11.22am A court has ordered the Prime Minister and attorney general to hand over an evaluation board report concerning the hospital privatisation deal struck with Vitals Global Healthcare.
Konrad Mizzi, who had piloted the deal as minister, had made extensive reference to the report when testifying on November 26. He said that the government had selected VGH following a recommendation by the board.
Reminder: the privatisation deal is being scrutinised by the National Audit Office and three ministers - Dr Mizzi, Chris Cardona and Edward Scicluna - are facing a magisterial inquiry about it.
'The Maltese Labour Party is a curious creature'
11.02am That's the opening line of an opinion piece published in the EU Observer today. It's written by University of Malta academic Anna Khakee, who asks whether the PL still has a place within the S&D grouping in the European Parliament.
Owen Bonnici has no concerns
10.55am Justice Minister Owen Bonnici says that having Joseph Muscat in office will not taint the ongoing Caruana Galizia murder investigation, as there is an inquiring magistrate "whose job it is to preserve evidence".
Muscat had to remain at least until January because "the country needs strong leadership," he told our colleagues at Malta Today.
Muscat and questions deferred
10.45am The prime minister isn't quite ready to talk about Keith Schembri, it seems. Here's a full story about his comments to Jacob Borg earlier this morning.
Daphne inquiry to continue this afternoon
10.36am The public inquiry into Daphne Caruana Galizia's assassination will continue this afternoon. Ms Caruana Galizia's parents are expected to appear before the three-person panel. We're told that some of her sisters might also testify.
Why did Muscat keep defending Schembri right to the end?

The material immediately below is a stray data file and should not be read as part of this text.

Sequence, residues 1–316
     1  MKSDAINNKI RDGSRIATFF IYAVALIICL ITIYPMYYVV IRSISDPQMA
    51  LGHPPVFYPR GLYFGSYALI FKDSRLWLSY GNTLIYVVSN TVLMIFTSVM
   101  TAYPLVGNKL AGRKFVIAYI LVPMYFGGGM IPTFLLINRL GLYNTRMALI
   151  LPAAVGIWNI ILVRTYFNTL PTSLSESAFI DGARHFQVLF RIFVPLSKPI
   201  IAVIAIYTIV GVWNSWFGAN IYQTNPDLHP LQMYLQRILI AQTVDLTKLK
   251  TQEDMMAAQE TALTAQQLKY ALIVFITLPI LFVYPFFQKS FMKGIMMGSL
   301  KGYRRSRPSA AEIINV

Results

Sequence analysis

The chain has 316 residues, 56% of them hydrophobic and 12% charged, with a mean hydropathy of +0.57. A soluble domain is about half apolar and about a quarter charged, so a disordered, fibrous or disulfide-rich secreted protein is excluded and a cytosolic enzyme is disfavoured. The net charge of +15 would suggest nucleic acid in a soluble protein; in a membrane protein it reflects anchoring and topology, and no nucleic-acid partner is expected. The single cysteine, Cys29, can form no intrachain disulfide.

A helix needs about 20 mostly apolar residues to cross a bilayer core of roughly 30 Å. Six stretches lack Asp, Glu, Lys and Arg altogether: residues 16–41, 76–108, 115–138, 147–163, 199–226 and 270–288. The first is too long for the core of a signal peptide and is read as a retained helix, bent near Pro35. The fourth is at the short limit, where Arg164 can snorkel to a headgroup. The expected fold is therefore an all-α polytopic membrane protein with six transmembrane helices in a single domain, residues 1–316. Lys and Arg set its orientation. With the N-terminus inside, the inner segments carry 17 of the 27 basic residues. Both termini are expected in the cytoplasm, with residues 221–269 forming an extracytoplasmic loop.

10.32am Jacob Borg asked him that very question as he entered Castille this morning.
Here's what the prime minister said.
Was Keith Schembri kicked out of Labour?
10.24am The answer appears to be 'no'. Sources within the PL camp tell us that the party executive met on Monday night, but it was to discuss logistical issues concerning next month's leadership race.
Robert Abela and 'provocation'
10.17am Robert Abela could barely mask his distaste for protests - he "tolerates" them - in an interview he had on ONE TV on Monday. At this stage, he said, protesters were only out to provoke.
See what Dr Abela, who is hoping to take over from prime minister Joseph Muscat next month, had to say.
MEP Roberta Metsola slammed him.
More to come
10.12am That was a rather damp squib of a court sitting, but there's a lot more to come today.
We'll be keeping this live blog running throughout the day to keep you informed on the latest developments.
Here's video of Fenech being taken into the courtroom this morning:
10.10am Fenech's lawyers say that's all they have prepared for today. Mr Justice Lawrence Mintoff is not at all pleased about that - he's devoted the day to this case, he tells them.
Mr Justice Mintoff orders Fenech's lawyers to present a list of witnesses they intend to summon.
And with that, the case is adjourned to December 17.
Unnamed worker's documentation
10.09am The witness presents documents related to a female worker, whose identity cannot be revealed under court order. We do not know who the worker is.
Jobsplus representative testifies
10.05am A Jobsplus representative has been called to the witness stand.
Reminder - Fenech has claimed that Schembri got Arnaud's wife a job at Infrastructure Malta.
The agency had issued a statement when that claim was first made, saying that the person cited got a job through normal channels and was one of two candidates offered the job. One declined the offer, while the other accepted.
Fenech in the courtroom
10.03am Yorgen Fenech is in the courtroom, and he's surrounded by some heavily-armed security guards.
Peter Caruana Galizia, Daphne's husband, is here too.
Recap from last week
10.02am Here’s a reminder of what happened in the first hearing last week:
- Mr Fenech told a court how he and Mr Schembri were childhood friends.
- Mr Fenech said Mr Schembri was the person to pass him information about the ongoing murder investigation.
- He said Mr Schembri got the information from lead inspector Keith Arnaud.
- Mr Fenech claims Mr Schembri got Mr Arnaud's wife a job.
9.55am The courtroom is packed and there are reporters though there's still no sign of Yorgen Fenech or his lawyers. We're not expecting Mr Fenech himself to testify today, though. Our sources say we should expect more peripheral witnesses to testify.